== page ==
COME OUT FROM YOUR BUNKER MAY 18TH TO SEE THE BRITISH INVASION, INCLUDING THE NEWLY RESTORED AVRO SHACKLETON, AT PIMA AIR & SPACE MUSEUM
Tucson, AZ—Apr. 18, 2013. The British have landed! Mobilize your crew to explore all things English as PASM celebrates the 60th anniversary of its newly restored Avro Shackleton marine patrol plane on May 18th. Spy classic United Kingdom Triumph motorcycles and other wheels. Sample culinary delights of the Commonwealth at our Flight Grill. Gather reconnaissance in the Shackleton’s belly. Climb into the English Electric Lightning cockpit too, the only domestically-developed Mach 2 operated by the Royal Air Force. Climb aboard the “British Invasion Trolley” for a free ride to see 12 of our 13 British aircraft outside. (Lucky 13 is in an air-cooled hangar.) All included with paid admissions on May 18, 2013, during normal operating hours (9 to 5, with the last admittance at 4:00 pm).
ABOUT THE SHACKLETON:
Soon after the end of World War II, the Royal Air Force issued a requirement for a new four-engine long-range maritime patrol plane to replace its American-made Liberators and Fortresses. The Avro company responded with a new design based on the Lincoln bomber. The aircraft used the Lincoln’s wings and landing gear as well as parts from the earlier Lancaster bomber but with a shorter fuselage and higher powered Rolls-Royce Griffon engines driving six-blade counter-rotating propellers. The new design was named Shackleton after the famous British South Pole explorer and entered service in February 1951. Beginning in 1971 a dozen Shackleton MR.2s were modified into Airborne Early Warning aircraft by the addition of radar systems and domes removed from the Fairey Gannet. These aircraft served with the RAF until 1991 when the last of them were retired.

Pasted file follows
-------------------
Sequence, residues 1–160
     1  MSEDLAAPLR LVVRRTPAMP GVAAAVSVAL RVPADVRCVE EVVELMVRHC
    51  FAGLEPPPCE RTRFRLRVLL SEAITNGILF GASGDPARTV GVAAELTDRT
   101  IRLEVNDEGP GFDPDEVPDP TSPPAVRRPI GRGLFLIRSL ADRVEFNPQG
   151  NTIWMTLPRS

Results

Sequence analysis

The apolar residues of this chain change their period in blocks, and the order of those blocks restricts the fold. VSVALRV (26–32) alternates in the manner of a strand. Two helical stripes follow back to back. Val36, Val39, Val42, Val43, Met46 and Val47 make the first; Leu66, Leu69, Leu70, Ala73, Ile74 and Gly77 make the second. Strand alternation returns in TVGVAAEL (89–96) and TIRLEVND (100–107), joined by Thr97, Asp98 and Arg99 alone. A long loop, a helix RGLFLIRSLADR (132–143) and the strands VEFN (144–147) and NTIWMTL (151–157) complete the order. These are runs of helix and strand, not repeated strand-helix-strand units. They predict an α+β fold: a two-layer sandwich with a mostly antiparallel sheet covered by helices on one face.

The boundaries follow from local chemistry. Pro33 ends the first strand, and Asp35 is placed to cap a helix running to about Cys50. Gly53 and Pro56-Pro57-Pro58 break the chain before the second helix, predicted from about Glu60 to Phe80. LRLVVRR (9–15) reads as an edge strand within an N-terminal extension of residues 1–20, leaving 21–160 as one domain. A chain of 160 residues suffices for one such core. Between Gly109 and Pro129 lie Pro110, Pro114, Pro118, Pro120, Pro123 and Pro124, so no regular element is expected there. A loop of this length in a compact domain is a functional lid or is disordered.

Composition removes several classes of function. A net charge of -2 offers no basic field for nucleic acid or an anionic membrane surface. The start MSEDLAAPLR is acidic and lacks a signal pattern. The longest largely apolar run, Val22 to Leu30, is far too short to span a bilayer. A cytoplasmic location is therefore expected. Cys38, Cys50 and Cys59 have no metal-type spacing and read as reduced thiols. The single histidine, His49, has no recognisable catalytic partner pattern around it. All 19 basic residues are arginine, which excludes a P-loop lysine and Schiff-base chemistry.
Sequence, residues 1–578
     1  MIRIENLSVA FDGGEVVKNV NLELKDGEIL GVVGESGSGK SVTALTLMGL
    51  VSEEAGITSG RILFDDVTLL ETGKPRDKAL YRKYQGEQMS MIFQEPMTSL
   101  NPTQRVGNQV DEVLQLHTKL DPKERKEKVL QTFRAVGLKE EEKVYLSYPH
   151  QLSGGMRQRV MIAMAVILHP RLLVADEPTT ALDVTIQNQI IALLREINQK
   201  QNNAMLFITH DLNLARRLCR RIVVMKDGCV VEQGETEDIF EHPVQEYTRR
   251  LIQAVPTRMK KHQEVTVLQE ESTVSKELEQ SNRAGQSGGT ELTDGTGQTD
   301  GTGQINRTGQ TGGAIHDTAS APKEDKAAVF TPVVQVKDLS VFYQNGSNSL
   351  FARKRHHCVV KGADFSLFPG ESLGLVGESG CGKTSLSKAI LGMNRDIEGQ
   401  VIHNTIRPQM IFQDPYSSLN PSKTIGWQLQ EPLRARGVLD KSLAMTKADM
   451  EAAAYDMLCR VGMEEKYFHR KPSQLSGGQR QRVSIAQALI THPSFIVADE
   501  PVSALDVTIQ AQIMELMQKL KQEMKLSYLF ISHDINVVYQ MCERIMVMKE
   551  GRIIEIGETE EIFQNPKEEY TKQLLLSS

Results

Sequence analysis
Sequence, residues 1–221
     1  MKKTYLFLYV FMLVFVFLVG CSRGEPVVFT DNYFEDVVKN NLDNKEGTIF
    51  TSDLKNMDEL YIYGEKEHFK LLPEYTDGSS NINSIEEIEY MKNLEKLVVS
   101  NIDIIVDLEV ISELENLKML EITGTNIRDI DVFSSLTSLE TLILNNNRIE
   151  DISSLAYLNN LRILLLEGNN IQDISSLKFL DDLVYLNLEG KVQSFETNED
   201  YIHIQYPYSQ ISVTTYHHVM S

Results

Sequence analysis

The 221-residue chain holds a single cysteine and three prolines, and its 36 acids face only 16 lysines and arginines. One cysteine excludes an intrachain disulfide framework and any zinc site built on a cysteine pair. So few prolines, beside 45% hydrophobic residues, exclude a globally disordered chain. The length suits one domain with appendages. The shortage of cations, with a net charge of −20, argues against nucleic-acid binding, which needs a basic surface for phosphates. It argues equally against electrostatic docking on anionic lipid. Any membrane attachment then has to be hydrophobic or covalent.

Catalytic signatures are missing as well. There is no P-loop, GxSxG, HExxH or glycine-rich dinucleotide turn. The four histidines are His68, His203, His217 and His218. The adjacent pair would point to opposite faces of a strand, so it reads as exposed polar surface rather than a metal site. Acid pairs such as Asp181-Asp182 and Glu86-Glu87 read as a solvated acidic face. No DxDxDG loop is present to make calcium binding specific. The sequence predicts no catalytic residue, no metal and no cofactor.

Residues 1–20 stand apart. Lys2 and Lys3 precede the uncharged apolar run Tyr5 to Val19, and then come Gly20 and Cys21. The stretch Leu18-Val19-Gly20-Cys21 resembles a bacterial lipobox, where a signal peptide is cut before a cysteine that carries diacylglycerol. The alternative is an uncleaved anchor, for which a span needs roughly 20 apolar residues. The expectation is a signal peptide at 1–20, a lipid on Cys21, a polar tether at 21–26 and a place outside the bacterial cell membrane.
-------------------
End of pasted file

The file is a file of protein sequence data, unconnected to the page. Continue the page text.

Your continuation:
Wingspan 120 ft
Length 87 ft 4 in
Height 17 ft 6 in
Maximum Speed 300 mph
Range 3,660 miles
Engines 4 Rolls-Royce Griffon Mk. 58 with 2,450 horsepower each
ABOUT PIMA AIR & SPACE MUSEUM
The Pima Air & Space Museum is one of the largest aviation museums in the world, and the largest non-government funded aviation museum in the United States. The museum maintains a collection of more than 300 aircraft and spacecraft from around the globe and more than 125,000 artifacts. Exhibits at the museum include some of the world’s greatest aviation heritage, including military, commercial, and civil aviation. Among them are the SR-71 Blackbird (the world’s fastest spy plane), a B-29 Superfortress (the WWII bomber that flew higher, farther and faster and carried more bombs) and a rare World War II German V-1 “buzz bomb.” The museum has five large hangars totaling more than 177,000 indoor square feet—almost four football fields¬—of air/spacecraft, heroes’ stories and scientific phenomena. In addition, the 390th Bombardment Group (Heavy) Memorial Museum is located on the museum grounds. Pima Air & Space maintains its own aircraft restoration center and offers exclusive tours of the Aerospace Maintenance and Regeneration Group (AMARG), also known as the “Boneyard,” on the Davis-Monthan Air Force Base grounds. Pima Air & Space Museum is located at 6000 E. Valencia Rd. in Tucson. More information about the museum can be found at www.pimaair.org, on Facebook, or by calling 520 574-0462.
Note: the 390th Bombardment Group (Heavy) Memorial Museum, also located on the PASM museum grounds, is temporarily closed for remodeling.
Attachments: Photos of the Shackleton as it is being restored. Note the intricate riveting covering about 50,000 square feet of surface area. Before painting, the entire surface must be hand sanded; a machine would grind up the rivets.